On January 14, 2011, Plaintiff Western Watersheds Project filed a complaint against the United States Department of the Interior (" DOI" ); Ken Salazar, the DOI Secretary, in his official capacity; the United States Bureau of Land Management (" BLM" ); Bob Abbey, the BLM Director, in his official capacity; the United States Fish and Wildlife Service (" FWS" ); Rowan Gould, the FWS Director, in his official capacity; and Ren Lohoefener, the FWS Regional Director for the Pacific Southwest Region, in his official capacity (collectively, the " Government" ). On April 18, 2011, the Court granted Intervenor Defendant BrightSource Energy Inc.'s unopposed motion to intervene [Doc. # 26]. Plaintiff filed the operative first amended and supplemental complaint on July 8, 2011 [Doc. # 66]. Plaintiff seeks declaratory and injunctive relief under the Endangered Species Act (" ESA" ), 16 U.S.C. § 1531 et seq., the National Environmental Policy Act (" NEPA" ), 42 U.S.C. § 4321 et seq., the Federal Land Policy and Management Act, 43 U.S.C. § 1701 et seq., and the

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Administrative Procedures Act, 5 U.S.C. § 701 et seq .

On June 27, 2011, Plaintiff filed a motion for preliminary injunction and application for temporary restraining order (" TRO" ) seeking injunctive relief based solely on its NEPA claims [Doc. # 26]. The Court denied Plaintiff's application for TRO on June 30, 2011 [Doc. # 58] and denied Plaintiff's motion for preliminary injunction on August 10, 2011 (" PI Order" ) [Doc. # 94]. The Ninth Circuit subsequently affirmed this Court's denial of preliminary injunctive relief. W. Watersheds Project v. Salazar, 692 F.3d 921, 2012 WL 3264322, (9th Cir. 2012).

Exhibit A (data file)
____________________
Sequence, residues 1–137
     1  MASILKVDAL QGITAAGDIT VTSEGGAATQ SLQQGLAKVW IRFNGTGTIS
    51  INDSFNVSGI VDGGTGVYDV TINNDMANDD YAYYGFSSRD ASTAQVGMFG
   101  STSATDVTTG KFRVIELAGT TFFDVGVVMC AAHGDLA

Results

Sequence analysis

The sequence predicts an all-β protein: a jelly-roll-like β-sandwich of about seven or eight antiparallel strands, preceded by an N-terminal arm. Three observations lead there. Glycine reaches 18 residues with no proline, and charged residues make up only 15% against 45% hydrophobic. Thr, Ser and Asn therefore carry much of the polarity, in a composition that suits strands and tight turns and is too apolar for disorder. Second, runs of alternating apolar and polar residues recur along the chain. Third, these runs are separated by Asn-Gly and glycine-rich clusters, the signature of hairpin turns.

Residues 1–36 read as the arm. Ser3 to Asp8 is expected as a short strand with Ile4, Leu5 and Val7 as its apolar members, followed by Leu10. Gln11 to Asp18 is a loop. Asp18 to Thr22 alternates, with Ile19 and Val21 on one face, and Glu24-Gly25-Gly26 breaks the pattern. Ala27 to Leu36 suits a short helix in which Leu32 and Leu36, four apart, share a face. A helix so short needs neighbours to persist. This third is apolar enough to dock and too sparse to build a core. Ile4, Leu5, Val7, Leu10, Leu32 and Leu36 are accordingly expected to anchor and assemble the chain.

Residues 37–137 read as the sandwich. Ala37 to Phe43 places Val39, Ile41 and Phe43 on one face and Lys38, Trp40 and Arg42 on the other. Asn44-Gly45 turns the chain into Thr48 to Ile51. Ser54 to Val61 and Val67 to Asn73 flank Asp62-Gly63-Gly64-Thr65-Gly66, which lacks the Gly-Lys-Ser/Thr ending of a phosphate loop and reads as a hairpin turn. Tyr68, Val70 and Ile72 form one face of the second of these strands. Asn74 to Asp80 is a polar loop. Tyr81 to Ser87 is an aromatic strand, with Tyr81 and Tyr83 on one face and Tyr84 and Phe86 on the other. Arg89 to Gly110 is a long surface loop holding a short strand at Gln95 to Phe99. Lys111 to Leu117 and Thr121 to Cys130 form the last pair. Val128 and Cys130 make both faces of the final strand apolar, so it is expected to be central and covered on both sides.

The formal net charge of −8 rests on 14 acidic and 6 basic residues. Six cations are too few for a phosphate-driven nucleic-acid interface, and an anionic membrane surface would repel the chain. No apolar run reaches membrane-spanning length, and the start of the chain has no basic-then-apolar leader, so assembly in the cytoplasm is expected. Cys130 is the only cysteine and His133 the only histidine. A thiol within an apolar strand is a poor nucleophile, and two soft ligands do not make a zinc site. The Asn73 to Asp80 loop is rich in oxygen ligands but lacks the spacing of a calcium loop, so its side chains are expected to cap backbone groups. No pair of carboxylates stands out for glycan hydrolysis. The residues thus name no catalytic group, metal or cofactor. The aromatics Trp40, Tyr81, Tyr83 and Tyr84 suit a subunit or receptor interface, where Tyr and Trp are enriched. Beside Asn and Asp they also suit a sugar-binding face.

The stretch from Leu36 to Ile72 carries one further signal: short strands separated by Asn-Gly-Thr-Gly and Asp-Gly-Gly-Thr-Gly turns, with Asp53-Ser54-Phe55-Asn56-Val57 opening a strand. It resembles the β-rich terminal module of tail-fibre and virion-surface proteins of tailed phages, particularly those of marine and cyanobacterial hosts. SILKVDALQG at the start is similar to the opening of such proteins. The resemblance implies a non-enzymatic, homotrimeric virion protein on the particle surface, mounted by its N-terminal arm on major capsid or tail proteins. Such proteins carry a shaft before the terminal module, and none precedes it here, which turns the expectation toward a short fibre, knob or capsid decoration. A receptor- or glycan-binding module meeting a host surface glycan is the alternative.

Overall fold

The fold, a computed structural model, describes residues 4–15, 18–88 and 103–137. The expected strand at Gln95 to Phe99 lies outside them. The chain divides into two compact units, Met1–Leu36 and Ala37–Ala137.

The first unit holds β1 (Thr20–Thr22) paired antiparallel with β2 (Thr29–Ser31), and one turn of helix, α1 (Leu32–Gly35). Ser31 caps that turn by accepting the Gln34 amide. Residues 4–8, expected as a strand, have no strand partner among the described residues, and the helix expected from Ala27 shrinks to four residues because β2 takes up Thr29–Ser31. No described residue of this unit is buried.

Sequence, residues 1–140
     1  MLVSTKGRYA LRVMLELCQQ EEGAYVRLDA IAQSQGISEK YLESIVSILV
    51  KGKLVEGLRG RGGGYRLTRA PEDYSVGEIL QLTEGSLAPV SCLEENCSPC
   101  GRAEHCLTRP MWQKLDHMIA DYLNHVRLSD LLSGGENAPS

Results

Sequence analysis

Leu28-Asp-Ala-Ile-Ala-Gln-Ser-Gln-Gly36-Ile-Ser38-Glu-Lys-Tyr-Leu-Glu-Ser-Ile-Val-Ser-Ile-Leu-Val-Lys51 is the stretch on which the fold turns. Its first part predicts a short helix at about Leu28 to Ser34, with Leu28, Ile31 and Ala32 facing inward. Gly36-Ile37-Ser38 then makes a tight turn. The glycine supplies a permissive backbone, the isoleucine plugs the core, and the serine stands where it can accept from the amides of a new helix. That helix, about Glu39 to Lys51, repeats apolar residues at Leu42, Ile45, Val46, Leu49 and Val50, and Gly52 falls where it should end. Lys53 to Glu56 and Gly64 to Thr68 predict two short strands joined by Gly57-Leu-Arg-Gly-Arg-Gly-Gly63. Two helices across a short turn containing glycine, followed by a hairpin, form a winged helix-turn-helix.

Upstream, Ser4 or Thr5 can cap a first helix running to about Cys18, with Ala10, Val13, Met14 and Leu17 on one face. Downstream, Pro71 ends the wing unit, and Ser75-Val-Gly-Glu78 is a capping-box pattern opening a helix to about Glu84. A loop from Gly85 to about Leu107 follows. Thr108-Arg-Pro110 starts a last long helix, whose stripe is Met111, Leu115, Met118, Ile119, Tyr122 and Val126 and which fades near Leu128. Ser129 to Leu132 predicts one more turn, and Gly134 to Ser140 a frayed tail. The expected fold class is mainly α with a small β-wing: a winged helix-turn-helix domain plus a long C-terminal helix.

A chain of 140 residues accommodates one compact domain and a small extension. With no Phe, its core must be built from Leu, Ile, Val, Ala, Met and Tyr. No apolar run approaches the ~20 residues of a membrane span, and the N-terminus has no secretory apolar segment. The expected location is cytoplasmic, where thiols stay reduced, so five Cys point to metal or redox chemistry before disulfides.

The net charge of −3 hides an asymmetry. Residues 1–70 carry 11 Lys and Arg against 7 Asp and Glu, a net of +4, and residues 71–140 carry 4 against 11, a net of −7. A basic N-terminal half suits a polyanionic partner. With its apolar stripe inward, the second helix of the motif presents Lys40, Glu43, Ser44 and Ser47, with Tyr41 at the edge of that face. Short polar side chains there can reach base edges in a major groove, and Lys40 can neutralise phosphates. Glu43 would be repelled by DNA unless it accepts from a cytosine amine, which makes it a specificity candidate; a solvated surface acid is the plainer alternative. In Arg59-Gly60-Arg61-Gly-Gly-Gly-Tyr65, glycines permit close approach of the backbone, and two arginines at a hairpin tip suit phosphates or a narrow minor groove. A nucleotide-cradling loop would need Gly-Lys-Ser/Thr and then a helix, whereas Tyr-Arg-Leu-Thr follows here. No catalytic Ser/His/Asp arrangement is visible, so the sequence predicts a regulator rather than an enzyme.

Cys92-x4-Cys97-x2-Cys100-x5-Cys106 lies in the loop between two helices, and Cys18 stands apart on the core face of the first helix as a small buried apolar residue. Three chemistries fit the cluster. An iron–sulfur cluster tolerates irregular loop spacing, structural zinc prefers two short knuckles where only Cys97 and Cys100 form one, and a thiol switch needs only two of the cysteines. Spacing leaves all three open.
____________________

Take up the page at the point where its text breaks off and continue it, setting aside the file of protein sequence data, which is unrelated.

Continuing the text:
Plaintiff filed a motion for summary judgment on October 14, 2011 [Doc. # 111]. On November 4, 2011, Defendants and Intervenor filed briefs in opposition to Plaintiff's motion for summary judgment and in support of summary judgment in their favor (respectively, " Defs.' Mot." and " Intervenor's Mot." ) [Doc. ## 118, 119]. On November 29, 2011, Plaintiff filed two briefs, each addressing different substantive issues, [1] in opposition to Defendants' and Intervenor's cross-motions for summary judgment and in reply to their opposition to Plaintiff's motion for summary judgment (respectively, " Pl.'s NEPA Reply" and " Pl.'s FLPMA/ESA Reply" ) [Doc. ## 123, 124]. On December 16 and 20, 2011, respectively, Defendants and Intervenor filed replies to Plaintiff's opposition to their cross-motions for summary judgment (respectively, " Defs.' Reply" and " Intervenor's Reply" ) [Doc. ## 126, 127].